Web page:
About this Journal Submit a Manuscript Table of Contents
BioMed Research International
Volume 2013 (2013), Article ID 521315, 7 pages
http://dx.doi.org/10.1155/2013/521315
Clinical Study

Topical 100% Serum Eye Drops for Treating Corneal Epithelial Defect after Ocular Surgery

1Department of Ophthalmology, Ramathibodi Hospital, Mahidol University, Rama VI Road, Rajathevi, Bangkok 10400, Thailand
2Ramathibodi Research Center, Ramathibodi Hospital, Mahidol University, Rama VI Road, Rajathevi, Bangkok 10400, Thailand

Received 22 April 2013; Revised 5 July 2013; Accepted 9 July 2013

Academic Editor: Nick Di Girolamo

Copyright © 2013 Kaevalin Lekhanont et al. This is an open access article distributed under the Creative Commons Attribution License, which permits unrestricted use, distribution, and reproduction in any medium, provided the original work is properly cited.

Abstract

The purpose of this study was to investigate the efficacy and safety of topical 100% serum eye drops for corneal epithelial defect after ocular surgery. A total of 181 patients who received topical 100% serum therapy for the treatment of corneal epithelial defect following several different types of ocular surgery were recruited into this study. Each patient already failed conventional medical therapy before being prescribed 100% serum eye drops. Slit-lamp biomicroscopic examination with fluorescein staining was performed at baseline and all follow-up visits. The main outcome measures were the rate of complete healing of the corneal epithelial defect and incidence of adverse events. One hundred and seventy-eight eyes (98.34%) received autologous serum eye drops, and 3 (1.66%) received allogeneic serum eye drops. The overall success rate of treating persistent postoperative epithelial defect using 100% serum eye drops was 93.92% (95% CI 0.88–0.98). The median time to complete corneal epithelialization was 4 days (95% CI 4-5). Adverse reactions were observed in 3 patients (1.66%), including sticky sensation with minimal eye discomfort and asymptomatic trace corneal subepithelial infiltration. No serious complications were reported. In conclusion, 100% serum eye drops are effective, safe, and tolerable for treating postoperative corneal epithelial defect following ocular surgeries.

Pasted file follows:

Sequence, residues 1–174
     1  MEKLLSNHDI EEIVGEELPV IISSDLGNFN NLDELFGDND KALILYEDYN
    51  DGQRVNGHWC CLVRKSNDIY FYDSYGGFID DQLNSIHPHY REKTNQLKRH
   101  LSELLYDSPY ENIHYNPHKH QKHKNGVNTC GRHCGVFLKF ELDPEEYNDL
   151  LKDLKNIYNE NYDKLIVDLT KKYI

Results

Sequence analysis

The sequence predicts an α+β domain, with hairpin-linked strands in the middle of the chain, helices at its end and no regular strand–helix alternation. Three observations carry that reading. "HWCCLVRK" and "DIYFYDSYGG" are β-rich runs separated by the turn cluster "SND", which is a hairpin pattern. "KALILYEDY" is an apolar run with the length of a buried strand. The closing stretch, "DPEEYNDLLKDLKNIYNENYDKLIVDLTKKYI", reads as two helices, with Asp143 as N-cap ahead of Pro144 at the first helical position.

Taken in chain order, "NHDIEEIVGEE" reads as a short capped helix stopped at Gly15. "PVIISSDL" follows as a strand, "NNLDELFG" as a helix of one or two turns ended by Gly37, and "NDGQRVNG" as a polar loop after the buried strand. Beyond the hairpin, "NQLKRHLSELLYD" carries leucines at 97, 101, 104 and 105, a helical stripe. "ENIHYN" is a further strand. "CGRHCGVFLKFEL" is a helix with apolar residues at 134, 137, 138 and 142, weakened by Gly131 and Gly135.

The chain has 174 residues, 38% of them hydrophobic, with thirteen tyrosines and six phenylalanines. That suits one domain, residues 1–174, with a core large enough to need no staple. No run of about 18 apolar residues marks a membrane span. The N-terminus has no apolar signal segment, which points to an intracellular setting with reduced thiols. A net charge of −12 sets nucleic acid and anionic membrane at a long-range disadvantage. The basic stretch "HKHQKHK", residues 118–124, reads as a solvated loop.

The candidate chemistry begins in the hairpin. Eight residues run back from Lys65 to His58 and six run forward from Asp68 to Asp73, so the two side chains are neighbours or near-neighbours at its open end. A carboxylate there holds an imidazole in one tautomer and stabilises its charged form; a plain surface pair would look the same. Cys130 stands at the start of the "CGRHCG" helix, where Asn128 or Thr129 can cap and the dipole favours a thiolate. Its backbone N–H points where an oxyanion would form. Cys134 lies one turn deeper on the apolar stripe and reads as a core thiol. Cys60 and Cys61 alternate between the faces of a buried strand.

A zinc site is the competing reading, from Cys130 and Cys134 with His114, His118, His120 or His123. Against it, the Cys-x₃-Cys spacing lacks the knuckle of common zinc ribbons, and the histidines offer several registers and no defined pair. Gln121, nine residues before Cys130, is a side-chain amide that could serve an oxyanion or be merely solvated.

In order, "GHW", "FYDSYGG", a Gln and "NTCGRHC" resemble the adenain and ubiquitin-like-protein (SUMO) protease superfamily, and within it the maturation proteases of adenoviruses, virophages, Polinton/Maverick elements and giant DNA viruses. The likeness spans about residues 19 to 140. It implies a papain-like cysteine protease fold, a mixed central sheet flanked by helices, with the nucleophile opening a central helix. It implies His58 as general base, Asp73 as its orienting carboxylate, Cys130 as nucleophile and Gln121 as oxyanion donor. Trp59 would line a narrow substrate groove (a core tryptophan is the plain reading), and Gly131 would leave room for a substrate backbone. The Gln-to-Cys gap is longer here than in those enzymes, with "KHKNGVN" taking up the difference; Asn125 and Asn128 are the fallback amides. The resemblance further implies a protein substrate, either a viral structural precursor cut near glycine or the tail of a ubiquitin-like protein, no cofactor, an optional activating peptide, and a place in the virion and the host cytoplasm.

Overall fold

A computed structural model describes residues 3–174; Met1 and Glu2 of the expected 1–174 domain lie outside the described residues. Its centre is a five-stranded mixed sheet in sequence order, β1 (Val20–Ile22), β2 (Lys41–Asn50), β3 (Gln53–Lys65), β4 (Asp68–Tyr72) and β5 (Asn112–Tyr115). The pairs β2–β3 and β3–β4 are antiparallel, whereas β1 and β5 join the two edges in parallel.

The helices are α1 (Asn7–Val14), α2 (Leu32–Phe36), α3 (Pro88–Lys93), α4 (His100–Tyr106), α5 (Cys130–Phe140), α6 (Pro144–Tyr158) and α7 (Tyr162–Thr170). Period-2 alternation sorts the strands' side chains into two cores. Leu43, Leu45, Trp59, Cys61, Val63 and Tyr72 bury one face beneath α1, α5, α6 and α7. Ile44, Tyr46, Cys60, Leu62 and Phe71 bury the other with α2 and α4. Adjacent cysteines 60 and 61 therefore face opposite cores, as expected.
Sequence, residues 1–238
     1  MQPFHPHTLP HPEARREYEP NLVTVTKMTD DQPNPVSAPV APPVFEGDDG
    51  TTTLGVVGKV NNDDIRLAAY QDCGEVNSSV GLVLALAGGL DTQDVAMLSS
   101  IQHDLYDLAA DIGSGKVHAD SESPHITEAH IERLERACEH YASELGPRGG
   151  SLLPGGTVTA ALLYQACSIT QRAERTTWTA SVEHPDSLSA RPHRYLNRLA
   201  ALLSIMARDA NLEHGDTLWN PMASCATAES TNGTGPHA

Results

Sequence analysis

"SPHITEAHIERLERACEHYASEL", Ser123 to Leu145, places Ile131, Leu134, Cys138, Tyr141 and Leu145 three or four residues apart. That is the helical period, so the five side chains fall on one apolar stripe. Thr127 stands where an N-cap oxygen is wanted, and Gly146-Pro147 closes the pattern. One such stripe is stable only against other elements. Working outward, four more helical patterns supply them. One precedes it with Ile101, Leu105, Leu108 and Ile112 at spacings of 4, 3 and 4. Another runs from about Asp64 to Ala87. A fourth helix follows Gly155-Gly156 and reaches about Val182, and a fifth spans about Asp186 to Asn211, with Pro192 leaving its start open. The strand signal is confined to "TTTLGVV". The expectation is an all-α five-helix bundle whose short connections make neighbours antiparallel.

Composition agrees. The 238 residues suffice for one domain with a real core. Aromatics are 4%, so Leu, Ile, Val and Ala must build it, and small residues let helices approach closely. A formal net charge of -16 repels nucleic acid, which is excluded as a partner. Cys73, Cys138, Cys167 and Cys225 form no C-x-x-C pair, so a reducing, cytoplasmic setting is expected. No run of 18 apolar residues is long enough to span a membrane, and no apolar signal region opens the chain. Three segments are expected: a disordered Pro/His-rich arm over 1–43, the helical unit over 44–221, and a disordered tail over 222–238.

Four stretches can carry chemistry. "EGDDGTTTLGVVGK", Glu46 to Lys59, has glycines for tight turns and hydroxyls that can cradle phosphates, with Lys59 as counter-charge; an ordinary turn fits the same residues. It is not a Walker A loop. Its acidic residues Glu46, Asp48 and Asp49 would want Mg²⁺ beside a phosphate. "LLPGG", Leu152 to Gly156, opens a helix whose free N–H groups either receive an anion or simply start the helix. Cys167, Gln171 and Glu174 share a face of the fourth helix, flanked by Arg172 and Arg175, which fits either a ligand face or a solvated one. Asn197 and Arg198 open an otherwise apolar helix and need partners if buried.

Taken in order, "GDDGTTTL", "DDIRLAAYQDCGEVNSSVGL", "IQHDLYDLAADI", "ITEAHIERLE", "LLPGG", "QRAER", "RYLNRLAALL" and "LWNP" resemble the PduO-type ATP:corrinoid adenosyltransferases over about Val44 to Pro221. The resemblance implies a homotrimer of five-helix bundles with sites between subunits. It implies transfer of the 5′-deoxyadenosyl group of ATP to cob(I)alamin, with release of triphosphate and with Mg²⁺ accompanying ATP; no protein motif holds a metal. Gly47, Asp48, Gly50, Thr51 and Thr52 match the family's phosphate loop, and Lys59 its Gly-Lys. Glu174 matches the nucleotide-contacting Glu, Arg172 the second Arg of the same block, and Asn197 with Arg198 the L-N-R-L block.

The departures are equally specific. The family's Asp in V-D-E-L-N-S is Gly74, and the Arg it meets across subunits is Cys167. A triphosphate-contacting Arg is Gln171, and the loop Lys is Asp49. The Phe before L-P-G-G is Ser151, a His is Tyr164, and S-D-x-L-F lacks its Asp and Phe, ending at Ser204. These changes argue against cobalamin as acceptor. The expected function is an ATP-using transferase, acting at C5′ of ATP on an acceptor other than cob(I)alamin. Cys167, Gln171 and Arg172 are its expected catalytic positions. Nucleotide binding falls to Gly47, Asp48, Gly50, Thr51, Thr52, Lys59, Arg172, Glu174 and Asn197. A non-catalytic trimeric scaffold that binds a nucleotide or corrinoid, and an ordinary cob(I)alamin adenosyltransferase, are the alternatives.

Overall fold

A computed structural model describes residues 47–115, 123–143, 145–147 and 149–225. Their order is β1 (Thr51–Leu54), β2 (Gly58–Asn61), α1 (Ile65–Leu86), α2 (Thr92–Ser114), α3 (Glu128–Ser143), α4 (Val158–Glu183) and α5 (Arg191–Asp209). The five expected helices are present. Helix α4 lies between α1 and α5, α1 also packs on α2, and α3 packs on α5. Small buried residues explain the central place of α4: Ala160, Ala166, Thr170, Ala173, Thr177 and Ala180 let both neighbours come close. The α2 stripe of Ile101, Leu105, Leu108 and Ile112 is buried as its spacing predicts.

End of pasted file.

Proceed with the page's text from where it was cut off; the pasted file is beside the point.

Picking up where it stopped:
1. Introduction

Autologous serum application for the treatment of ocular surface disease has been dated back at least to 1975 when it was used via a mobile perfusion pump to treat ocular alkali injuries [1]. Later, in 1984, Fox et al. first described a successful use of autologous serum as an eye drop in patients with dry eye [2]. However, it was not until the late 1990s that scientific interest in the use of autologous serum eye drops emerged due to the research of Tsubota et al. [3, 4]. Initial works were subsequently continued by many pioneers over the following years. Today, this treatment modality has become popular and gained widespread acceptance as an adjuvant therapy for various ocular surface disorders, including dry eye, persistent epithelial defect, neurotrophic keratopathy, recurrent erosion syndrome, and superior limbic keratoconjunctivitis. Topical autologous serum has also been found to be beneficial in promoting graft reepithelialization following penetrating keratoplasty [57]. Additionally, serum eye drops appeared to allow corneal epithelial wounds after vitreoretinal surgery to heal effectively and faster than artificial tears [8, 9].